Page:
According to Lantigua’s office, the city paid $471,374 to Dwyer and Duddy, the legal firm used by the patrolmen’s union, and $37,318, to McDonald & Associates, which represents the superior officer’s union, in the fiscal year that ended last June. In the previous year, the city paid Dwyer and Duddy $287,649 and McDonald and Associates $38,353.

Lantigua has hired Philip Boyle, an attorney from the private Boston firm Morgan, Brown & Joy, to fight the union’s complaint with the state. Last year, the city paid $53,186 to Morgan, Brown & Joy.

In many of the civil cases, the city, Police Department, police Chief John Romero and individual officers are named. The city recently settled one police brutality case, agreeing to pay $400,000 to the plaintiff, but admitted no wrongdoing.

Six civil trials involving police officers are scheduled to go forward in the next six months, including one brutality case, against officer Ivan Resto, which is supposed to start this week in federal court. These cases have the potential to result in expensive judgements or settlements that could ultimately be paid for by taxpayers.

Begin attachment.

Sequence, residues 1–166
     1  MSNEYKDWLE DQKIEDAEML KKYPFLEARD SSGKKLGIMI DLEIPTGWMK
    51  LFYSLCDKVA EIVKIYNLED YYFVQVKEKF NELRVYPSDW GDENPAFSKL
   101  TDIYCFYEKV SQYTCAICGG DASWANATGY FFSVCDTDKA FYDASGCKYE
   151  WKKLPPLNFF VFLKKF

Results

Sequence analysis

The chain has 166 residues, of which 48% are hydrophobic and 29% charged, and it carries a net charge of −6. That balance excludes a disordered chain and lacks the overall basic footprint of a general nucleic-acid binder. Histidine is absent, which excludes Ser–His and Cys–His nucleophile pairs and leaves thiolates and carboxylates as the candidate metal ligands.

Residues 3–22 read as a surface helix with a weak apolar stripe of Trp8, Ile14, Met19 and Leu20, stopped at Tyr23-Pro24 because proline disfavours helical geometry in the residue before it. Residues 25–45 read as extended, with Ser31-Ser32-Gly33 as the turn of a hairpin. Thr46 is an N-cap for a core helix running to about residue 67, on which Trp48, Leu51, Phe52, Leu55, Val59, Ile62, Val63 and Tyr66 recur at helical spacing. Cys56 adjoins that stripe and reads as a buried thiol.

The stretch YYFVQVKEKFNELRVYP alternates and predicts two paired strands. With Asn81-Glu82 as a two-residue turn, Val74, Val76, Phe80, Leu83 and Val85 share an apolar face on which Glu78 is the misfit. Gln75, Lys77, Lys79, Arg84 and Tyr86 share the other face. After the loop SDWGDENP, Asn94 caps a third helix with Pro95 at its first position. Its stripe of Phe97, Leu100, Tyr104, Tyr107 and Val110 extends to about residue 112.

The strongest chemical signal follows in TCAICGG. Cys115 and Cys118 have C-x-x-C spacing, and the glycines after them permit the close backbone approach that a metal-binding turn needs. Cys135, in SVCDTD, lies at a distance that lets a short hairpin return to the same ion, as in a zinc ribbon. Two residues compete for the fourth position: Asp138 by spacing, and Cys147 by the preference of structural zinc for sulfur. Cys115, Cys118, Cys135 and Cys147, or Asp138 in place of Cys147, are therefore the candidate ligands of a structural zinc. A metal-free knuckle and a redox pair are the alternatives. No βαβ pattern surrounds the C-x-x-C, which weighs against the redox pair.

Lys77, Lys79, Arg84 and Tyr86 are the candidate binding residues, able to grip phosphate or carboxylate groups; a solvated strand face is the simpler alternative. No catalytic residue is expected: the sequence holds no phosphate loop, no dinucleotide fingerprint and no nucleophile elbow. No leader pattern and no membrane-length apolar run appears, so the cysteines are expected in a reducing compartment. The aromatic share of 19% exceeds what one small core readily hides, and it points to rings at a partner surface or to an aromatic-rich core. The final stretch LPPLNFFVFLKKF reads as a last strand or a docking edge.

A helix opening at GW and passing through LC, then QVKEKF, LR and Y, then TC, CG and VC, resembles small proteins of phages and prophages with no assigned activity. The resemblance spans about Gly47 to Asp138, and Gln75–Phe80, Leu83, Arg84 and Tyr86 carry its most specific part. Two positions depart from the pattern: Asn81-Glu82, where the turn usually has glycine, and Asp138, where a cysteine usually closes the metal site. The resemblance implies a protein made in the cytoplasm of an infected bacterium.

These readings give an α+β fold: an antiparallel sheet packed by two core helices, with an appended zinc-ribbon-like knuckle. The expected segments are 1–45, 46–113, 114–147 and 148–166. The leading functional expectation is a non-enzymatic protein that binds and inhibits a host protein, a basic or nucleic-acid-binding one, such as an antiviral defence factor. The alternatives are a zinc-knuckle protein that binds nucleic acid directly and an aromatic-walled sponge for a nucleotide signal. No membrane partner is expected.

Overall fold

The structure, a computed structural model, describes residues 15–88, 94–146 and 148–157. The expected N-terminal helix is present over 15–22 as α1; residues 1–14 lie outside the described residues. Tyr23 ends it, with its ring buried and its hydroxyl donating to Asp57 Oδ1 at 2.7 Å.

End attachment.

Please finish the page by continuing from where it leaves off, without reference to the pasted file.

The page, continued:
City Councilor Daniel Rivera, chairman of the budget committee, said he was “inclined to support the administration on this, if it’s going to save the city money.” Rivera also said as the city struggled with budget cuts and layoffs last year, the police unions “made no concessions to help with the larger budgetary issue. And union leadership should know that.”

“There was an outrage over laying off police officers. Meanwhile, we are paying Cadillac prices for attorneys,” Rivera said.

Rivera acknowledged there are staffing issues in the city’s attorney’s office. A paralegal’s position was cut from the office and Richard D’Agostino, a full-time assistant city attorney, is on medical leave.

On Dec. 16, 2010, City Attorney Charles Boddy sent a certified letter to the patrolmen’s union law firm Dwyer and Duddy, stating “effective immediately the city of Lawrence was discontinuing use of the firm in the defense of Lawrence patrolmen against claims brought by third parties arising out of their employment.”

Payments to the firm have “clearly exceeded” contract obligations and “are an unwarranted burden on the municipal budget,” Boddy wrote.

Detective Alan Andrews, patrolmen’s union president, and Lt. Scott McNamara, who leads the superior officer’s union, were unavailable for comment for this story.